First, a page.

Grief-stricken CEO reveals his daughter, 22, killed herself after struggling with Lyme disease 

A 22-year-old Canadian woman has taken her own life after struggling with Lyme disease ‘to free herself from the unbearable pain’, her father revealed in a heartfelt note.

The disease ‘essentially highjacked her’, said her father, Alain Champagne, CEO of Groupe Jean Coutu and Brunet, in a public LinkedIn tribute posted after she died. 

Amelie Champagne fought for years undiagnosed with the disease, but persevered with her studies at university and worked at a respite center for special-needs children despite the pain.

The disease, which can be contracted from tick bites, had evolved way beyond physical symptoms and was severely impacting her brain.

She received a positive diagnosis in the US last year after years of wrestling with her condition. But it came too late to alleviate her symptoms.

Amelie campaigned heavily on behalf of those suffering for autism, her Facebook profile shows.

Amelie Champagne, 22, had started volunteering at a homeless shelter and helped handicapped children despite while struggling for years undiagnosed with Lyme disease

Her father, lain Champagne, CEO of Groupe Jean Coutu and Brunet, shared a message on LinkedIn after his daughter took her own life 'to free herself from the unbearable pain'

Her father, lain Champagne, CEO of Groupe Jean Coutu and Brunet, shared a message on LinkedIn after his daughter took her own life ‘to free herself from the unbearable pain’

‘We are confident she is now in peace and that her spirit is shining bright upon the large number of people she touched over her short stay with us,’ wrote Alain.

The young woman had also started volunteered in a homeless shelter near her parent’s home in the months leading up to her death.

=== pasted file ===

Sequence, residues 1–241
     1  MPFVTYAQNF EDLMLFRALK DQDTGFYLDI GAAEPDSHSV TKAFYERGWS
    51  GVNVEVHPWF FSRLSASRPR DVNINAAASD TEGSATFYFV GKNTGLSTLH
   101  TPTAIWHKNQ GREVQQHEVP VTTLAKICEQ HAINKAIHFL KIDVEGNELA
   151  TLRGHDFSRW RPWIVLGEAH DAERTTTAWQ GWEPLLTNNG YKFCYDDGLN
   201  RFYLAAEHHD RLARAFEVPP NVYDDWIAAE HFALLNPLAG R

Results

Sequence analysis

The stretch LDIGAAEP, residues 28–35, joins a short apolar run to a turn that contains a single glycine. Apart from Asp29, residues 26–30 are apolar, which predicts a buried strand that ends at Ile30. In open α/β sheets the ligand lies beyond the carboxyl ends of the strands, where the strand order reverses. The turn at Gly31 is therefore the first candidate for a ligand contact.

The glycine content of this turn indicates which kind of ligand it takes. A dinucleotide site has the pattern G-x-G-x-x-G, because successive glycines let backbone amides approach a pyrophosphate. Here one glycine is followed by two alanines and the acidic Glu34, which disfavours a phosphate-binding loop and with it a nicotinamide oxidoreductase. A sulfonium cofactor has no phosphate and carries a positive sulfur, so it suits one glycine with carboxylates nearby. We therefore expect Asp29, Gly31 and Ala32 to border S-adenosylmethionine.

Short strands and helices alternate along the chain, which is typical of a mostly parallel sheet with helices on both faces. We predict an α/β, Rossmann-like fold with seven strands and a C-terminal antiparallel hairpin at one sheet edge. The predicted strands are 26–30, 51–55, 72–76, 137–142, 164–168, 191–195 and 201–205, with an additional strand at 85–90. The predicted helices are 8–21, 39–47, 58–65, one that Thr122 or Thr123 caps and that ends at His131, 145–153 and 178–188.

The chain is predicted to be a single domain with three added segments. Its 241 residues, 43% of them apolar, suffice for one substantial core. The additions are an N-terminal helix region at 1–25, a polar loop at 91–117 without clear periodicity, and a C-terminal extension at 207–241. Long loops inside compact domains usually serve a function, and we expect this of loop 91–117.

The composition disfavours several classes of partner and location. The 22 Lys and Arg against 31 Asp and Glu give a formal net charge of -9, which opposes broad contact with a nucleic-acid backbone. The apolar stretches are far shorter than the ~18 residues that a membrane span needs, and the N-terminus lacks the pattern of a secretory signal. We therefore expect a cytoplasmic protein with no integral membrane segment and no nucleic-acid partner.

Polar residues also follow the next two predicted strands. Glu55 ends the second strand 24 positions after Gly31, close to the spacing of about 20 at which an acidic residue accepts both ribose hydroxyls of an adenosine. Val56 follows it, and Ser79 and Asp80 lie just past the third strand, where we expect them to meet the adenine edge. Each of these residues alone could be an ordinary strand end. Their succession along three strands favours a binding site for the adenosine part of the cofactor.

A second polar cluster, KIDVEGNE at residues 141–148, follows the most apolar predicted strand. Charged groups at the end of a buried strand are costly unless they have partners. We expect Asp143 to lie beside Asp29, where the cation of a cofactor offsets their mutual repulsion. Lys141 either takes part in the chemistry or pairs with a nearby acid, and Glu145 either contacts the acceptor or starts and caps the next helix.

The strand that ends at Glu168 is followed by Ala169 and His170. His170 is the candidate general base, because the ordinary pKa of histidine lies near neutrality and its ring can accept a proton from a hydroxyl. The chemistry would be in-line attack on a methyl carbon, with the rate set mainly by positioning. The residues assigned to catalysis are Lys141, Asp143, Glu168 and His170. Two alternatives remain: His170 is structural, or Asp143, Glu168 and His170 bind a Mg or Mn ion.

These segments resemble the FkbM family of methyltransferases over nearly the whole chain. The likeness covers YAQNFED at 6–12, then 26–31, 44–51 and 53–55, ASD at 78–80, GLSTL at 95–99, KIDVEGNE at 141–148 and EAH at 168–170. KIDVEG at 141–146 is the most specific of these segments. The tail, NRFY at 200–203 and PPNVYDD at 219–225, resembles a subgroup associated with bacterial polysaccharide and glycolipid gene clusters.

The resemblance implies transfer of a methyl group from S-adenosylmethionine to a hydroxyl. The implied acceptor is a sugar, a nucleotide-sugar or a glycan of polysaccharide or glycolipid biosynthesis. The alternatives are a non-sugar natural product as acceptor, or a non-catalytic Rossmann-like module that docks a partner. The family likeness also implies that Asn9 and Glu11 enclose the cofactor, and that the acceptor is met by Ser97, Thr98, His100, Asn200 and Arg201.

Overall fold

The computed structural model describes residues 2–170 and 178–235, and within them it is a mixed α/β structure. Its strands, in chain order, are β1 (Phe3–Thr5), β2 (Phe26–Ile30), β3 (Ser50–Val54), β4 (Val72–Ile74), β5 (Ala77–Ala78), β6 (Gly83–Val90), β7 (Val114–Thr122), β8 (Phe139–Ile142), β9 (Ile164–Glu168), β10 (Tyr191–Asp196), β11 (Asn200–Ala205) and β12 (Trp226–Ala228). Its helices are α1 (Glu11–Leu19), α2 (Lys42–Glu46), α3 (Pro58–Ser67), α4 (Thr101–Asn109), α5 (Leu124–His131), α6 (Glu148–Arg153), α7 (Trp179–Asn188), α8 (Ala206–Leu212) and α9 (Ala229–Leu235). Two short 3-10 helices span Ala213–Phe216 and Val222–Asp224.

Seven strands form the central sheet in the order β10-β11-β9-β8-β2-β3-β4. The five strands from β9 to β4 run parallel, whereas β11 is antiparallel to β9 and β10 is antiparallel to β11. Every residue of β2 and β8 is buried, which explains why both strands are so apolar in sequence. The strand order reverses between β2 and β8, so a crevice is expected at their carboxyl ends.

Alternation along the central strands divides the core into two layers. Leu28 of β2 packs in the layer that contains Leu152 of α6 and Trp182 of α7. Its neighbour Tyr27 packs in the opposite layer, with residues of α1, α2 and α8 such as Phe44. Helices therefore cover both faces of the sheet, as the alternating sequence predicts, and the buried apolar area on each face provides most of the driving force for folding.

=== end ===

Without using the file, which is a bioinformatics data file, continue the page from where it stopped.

What is Lyme Disease? 

Lyme disease is the most common vector-borne disease in the US, according to the Centers for Disease Control and Prevention.

It is caused by the bacterium Borrelia burgdorferi, often transmitted through tick bites.

The tick-borne illness affects more than 200,000 people in the United States.

The earliest signs of Lyme disease include a bull’s eye pattern rash and Flu-like symptoms. 

A circular or oval shape rash around a tick bite can be early symptom of Lyme disease in some people.

The rash can appear up to 3 months after being bitten by an infected tick, but usually appears within 1 to 4 weeks. It can last for several weeks.

The rash can have a darker or lighter area in the centre and might gradually spread. It’s not usually hot or itchy.

The rash may be flat, or slightly raised, and look pink, red, or purple when it appears on white skin.

It can be harder to see the rash on brown and black skin and it may look like a bruise.

‘The resilience and continued optimism she displayed while dealing with the ever increasing symptoms was and remains my main source of inspiration,’ her father wrote. 

‘Despite the fact that every breath and every moment is painful at this stage, in her honor we will try to keep living our lives with the same altitude she lived hers.’

Although her illness had progressed to an unbearable point, she remained a vibrant member of her community, her father said.  

He concluded: ‘We will love you forever, and cherish every memory of our wonderful time together. You made us all better people. It’s now up to us to rise up to the challenge…’

The post had almost 8,000 likes and 1,571 comments as of Tuesday.

In the comments, people shared their own tragic stories with Lyme disease. 

Lyme disease, experts say, is usually treatable, though rare chronic cases often go undiagnosed.

Antibiotics are usually prescribed to people who contract Lyme disease.

But those for whom prescriptions don’t work are referred to a hospital or clinic where they can receive stronger antibiotics.

Chronic Lyme disease is much more serious than the cases normally contracted.

Symptoms of chronic Lyme disease are similar to those of Lyme disease, but more severe. They include pain, fatigue, neurocognitive and behavioral symptoms.

It can also lead to other diagnosises, most of which tend to be neurologic and rheumatologic diseases.

If Lyme disease is left untreated, sufferers may begin to experience severe headaches and/or neck stiffness, body rashes, arthritis, loss of muscle tone on one or both sides of the face, heart palpitations, inflammation of the brain and spinal cord and shooting pains, numbness or tingling in the hands or feet.

Pets can also contract the disease, showing similar symptoms to humans. The disease is not contageous.

Alain Champagne, CEO of Groupe Jean Coutu and Brunet, shared the tragic post on LinkedIn

Alain Champagne, CEO of Groupe Jean Coutu and Brunet, shared the tragic post on LinkedIn 

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